Highlights of the recent talk on Bees

On 8th July almost 50 local people attended a fascinating talk at the Memorial Hall by Ron Rock. Many people wanted to come but weren’t able to so here is a summary of the highlights about:

• Why bees are important.
• What the types are and some interesting facts.
• Most importantly, how we can best support bees in our community.

We have included insights and links from the Bumblebee Conservation Trust so you can dig deeper into the subject.

The Trust offers help and advice to communities about how to become more bee-friendly and SinCH will investigate how they might be able to help us. If you’d like to get involved in this work please contact us.

The importance of bees

Bees are great pollinators and have a key role in producing much of the food that we eat.

One in three mouthfuls of our food depends on pollinators of various types. Bees provide 80% of the pollination but flies, hoverflies, wasps, beetles, lizards and bats also contribute.

Bumblebees also help pollinate many wildflowers and without them many of these plants would not produce seeds. As these plants are often the basis of complex food chains, other insects, birds and mammals would all suffer if bees disappeared. Not to mention us humans!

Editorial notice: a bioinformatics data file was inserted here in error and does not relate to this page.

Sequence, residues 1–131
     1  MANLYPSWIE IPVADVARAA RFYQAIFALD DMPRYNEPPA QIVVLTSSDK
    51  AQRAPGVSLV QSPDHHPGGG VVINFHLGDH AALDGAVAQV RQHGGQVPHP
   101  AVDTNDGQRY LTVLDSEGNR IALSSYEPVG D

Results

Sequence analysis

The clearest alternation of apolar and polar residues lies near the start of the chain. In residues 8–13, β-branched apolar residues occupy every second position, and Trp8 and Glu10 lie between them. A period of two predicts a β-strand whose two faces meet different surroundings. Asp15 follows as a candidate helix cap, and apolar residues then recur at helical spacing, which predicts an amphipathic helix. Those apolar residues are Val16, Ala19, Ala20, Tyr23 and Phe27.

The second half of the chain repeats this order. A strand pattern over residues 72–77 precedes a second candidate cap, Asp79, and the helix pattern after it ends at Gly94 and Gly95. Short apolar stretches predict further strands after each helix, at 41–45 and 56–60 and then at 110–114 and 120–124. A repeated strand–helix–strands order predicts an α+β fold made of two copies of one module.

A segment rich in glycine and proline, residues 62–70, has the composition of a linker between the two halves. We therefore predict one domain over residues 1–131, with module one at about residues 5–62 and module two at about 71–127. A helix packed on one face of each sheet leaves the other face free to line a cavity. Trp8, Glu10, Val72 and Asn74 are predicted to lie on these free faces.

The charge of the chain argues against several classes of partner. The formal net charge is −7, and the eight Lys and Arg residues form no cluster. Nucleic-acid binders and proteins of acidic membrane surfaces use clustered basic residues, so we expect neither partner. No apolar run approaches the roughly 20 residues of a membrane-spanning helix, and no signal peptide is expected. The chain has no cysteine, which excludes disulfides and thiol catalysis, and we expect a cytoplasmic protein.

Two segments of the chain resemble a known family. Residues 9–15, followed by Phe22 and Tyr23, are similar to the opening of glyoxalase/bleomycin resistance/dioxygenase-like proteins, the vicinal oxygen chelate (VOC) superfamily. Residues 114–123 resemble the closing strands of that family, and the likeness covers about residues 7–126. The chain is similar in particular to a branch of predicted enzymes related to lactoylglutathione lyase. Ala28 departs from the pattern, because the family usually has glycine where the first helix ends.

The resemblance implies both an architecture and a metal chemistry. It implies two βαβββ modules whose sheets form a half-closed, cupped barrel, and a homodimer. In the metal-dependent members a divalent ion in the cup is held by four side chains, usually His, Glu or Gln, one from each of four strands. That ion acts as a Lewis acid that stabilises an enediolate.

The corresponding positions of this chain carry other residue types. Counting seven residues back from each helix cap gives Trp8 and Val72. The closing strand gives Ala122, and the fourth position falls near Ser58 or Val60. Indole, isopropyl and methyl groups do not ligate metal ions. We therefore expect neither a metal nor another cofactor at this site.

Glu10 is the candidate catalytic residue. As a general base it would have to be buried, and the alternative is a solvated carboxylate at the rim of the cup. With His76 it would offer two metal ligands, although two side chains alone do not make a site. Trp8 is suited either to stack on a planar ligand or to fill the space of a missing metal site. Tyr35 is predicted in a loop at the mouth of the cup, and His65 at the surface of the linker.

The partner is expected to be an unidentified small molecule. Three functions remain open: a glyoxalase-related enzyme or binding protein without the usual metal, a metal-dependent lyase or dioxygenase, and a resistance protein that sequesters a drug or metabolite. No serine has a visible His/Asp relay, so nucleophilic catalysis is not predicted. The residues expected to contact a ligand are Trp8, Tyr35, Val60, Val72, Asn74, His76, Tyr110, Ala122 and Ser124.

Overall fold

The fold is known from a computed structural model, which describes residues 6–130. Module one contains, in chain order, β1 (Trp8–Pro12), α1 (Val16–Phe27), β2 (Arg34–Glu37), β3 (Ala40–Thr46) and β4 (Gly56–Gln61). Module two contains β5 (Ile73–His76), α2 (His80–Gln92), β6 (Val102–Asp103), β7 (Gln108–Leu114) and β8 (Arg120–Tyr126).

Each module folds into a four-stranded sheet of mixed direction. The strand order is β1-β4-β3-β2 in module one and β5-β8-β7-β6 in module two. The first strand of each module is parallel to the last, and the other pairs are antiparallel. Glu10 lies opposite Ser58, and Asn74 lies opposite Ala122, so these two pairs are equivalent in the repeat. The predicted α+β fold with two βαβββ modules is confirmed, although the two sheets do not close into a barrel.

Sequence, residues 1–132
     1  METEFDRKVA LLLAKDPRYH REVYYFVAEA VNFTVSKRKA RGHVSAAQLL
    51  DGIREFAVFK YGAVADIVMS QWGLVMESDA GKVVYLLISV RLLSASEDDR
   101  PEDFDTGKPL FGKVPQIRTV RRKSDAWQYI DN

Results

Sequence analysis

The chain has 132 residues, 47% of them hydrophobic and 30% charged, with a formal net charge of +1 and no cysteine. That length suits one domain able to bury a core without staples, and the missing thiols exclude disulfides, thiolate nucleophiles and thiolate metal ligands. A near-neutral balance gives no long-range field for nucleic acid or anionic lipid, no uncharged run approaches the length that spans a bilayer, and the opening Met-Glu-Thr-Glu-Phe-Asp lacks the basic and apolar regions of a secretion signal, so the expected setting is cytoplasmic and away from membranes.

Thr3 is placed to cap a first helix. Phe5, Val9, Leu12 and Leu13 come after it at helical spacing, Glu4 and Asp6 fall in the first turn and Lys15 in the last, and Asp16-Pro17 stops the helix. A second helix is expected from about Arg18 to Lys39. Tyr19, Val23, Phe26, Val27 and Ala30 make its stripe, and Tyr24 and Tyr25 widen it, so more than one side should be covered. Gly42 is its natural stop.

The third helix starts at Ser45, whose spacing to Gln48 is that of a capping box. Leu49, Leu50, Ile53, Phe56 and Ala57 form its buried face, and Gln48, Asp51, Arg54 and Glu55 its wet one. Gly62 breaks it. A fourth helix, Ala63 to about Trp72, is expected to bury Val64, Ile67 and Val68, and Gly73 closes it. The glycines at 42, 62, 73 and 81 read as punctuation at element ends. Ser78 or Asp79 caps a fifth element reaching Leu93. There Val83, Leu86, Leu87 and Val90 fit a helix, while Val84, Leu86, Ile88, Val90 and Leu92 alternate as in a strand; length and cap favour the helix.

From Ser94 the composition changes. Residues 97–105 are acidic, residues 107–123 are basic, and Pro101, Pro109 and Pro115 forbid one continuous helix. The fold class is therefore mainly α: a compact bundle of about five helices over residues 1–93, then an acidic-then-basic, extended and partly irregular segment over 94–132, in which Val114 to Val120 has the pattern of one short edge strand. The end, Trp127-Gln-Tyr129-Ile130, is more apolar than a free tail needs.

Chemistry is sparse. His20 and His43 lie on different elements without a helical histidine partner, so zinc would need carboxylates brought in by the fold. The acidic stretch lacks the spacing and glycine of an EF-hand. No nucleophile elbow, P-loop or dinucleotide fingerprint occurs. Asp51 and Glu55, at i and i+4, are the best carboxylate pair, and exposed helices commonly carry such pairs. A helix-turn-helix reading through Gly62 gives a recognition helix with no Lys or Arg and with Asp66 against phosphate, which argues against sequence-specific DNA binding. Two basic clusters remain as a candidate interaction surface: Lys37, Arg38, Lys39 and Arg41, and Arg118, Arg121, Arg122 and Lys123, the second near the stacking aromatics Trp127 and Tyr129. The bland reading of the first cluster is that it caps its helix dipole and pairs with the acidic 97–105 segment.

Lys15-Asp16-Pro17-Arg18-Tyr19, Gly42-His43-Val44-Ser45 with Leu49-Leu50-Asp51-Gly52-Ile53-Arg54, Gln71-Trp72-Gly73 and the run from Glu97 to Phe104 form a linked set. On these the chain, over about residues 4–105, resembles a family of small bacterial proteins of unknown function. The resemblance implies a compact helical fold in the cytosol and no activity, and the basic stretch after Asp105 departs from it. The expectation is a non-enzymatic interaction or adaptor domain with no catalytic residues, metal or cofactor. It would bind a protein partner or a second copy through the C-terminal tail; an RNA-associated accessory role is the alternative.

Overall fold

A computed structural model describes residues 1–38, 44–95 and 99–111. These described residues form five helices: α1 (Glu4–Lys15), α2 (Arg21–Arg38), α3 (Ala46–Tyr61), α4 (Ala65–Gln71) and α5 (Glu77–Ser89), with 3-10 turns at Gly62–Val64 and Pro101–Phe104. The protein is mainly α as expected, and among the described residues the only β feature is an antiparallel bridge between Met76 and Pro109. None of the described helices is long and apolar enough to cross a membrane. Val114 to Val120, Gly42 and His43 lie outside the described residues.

They are in fact VIPs – Very Important Pollinators! 🐝

Types of bees

In the UK we have over 250 species of bees – 24 Bumblebee species, just 1 European Honeybee species and the other 225 types (90%) are Solitary Bees.

Bumblebees have their distinctive buzz – which is where their Latin name Bombus (‘booming’) originates. They live socially in nests of up to 400 bees. They don’t store much honey so they need enough flowers to sustain the worker bees for the lifespan of the colony (potentially between March-October) in order to produce the next generation.

For more information about bumblebees see here and for an identification guide see here.

Honeybees are the only species to make honey. Although there are wild colonies most are managed by a beekeeper in hives which can have up to 100,000 bees! See here to help differentiate these from bumblebees.

Solitary bees are smaller and don’t live in colonies as they raise their young on their own. They fall into two categories, cavity nesters and mining bees.

Mining bees excavate nesting tunnels in the ground, ‘mining’ into light sandy soils and leaving their eggs underground.

Whereas cavity nesting bees, including mason, leaf-cutter and carder bees, prefer to use existing cavities like holes in old logs, house bricks and wood. They also like compost heaps and wood piles

Trent & Mersey early winter’s morning.

Some interesting facts

  • Bumblebees have 5 eyes and can carry up to 60% of their bodyweight in pollen.
  • Bees see in the ultra-violet spectrum.
  • Their wings beat at 200 times a second and they can fly up to speed of 20 km hour.
  • Due to their hairy coats they can fly at temperatures around freezing point.
  • When flying they generate a positive electrical charge so pollen is attracted to them.
  • A bumblebee with a full stomach is only ever about forty minutes from starvation.
  • Bumblebees have oil on their feet so other bees know if a plant has recently been visited.
  • Not all flowers are bee-friendly, especially the more showy ones like begonias.